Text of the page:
Defining Workflows

A workflow is a digitized process where a logical series of steps define the path followed by a package. Workflow steps can range from reviews and approvals to performing the actual migration.

When defining a deployment workflow, you must first determine the intent of the business process the deployment workflow will follow. For example:

  • Are you designing a simple migration of a file from one environment to another environment with little oversight or supervision?

  • Are you designing a business-wide deployment process with a great deal of oversight and supervision?

After you understand the intent of the business process, you can then begin to define the deployment workflow itself. The following lists the basic components of a workflow:

  • Workflow steps. Workflow steps are the events (steps) of the process (workflow) that start your business process. Workflow steps are where decisions are made and actions are taken. The following lists the different types of workflow steps:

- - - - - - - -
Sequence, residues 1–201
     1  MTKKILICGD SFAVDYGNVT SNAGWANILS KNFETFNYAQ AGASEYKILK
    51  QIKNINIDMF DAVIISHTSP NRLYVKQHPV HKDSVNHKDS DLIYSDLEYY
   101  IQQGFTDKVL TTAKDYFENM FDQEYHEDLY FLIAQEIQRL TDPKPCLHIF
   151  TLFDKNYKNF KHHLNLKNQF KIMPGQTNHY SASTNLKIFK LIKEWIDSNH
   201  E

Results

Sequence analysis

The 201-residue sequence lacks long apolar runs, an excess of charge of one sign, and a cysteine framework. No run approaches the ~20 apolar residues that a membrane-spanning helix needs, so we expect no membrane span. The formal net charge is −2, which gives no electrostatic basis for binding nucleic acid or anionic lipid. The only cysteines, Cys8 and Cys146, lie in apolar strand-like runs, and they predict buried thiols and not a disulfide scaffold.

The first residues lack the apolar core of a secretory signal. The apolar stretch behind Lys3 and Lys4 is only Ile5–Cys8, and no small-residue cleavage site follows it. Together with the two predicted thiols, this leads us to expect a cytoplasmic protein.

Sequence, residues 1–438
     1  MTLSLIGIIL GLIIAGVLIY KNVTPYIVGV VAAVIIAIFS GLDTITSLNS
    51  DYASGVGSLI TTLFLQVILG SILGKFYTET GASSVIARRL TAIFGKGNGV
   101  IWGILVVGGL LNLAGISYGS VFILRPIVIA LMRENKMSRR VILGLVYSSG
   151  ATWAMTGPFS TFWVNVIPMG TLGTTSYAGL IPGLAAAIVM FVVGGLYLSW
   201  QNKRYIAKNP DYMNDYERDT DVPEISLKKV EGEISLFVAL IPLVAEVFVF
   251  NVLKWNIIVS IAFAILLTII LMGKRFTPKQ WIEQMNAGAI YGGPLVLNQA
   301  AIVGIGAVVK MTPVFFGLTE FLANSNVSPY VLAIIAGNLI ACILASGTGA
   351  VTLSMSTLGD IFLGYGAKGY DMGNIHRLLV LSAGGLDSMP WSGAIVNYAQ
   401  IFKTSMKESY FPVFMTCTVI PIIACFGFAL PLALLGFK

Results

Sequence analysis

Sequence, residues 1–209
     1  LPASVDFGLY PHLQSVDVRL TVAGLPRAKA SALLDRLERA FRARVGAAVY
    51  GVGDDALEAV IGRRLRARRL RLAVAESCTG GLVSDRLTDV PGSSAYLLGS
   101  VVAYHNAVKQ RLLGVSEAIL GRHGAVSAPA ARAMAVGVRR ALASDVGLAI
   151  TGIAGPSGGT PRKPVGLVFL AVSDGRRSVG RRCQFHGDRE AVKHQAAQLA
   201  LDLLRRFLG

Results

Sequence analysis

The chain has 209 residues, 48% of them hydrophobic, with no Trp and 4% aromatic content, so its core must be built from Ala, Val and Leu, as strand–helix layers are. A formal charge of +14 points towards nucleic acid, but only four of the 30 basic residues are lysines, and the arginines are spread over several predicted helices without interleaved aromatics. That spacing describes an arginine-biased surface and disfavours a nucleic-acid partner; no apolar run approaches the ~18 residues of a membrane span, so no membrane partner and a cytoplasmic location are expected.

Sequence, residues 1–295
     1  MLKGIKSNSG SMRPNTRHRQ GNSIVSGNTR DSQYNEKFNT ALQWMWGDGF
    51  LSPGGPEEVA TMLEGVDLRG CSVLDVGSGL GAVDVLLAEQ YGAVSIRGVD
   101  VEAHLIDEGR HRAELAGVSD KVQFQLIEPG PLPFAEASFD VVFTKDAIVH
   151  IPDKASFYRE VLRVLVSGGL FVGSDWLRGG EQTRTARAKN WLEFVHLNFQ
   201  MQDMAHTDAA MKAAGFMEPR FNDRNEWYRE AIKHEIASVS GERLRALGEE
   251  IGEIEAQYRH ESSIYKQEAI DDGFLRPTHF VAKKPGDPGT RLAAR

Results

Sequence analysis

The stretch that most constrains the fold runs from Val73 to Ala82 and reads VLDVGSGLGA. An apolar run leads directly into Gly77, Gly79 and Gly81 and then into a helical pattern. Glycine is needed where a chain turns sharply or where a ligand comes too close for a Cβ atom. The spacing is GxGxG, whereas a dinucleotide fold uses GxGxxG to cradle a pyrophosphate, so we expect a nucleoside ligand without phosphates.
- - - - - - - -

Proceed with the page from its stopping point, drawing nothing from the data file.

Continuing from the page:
• Decision steps: Require an external process to decide their outcome.

    • Execution steps: Perform actual work or actions.

    • Condition steps: Logic steps used for complex workflow processing.

    • Subworkflows steps: Represent multiple workflow steps that follow a consistent pattern.

  • Transitions between workflow steps: Represent the outcome of one workflow step that leads to the next workflow step. Workflow steps can have more than one transition.

  • Security: Determines who can access a workflow step. Each workflow step includes a list of who can access a workflow step, who can approve a workflow step, whether only one user can approve the workflow step, if several users can approve the workflow step, and whether multiple users must approve the workflow step.

  • Notification: Determines who hears about the workflow step. Each workflow step includes a list of who will be notified about the workflow step and when the notification will occur.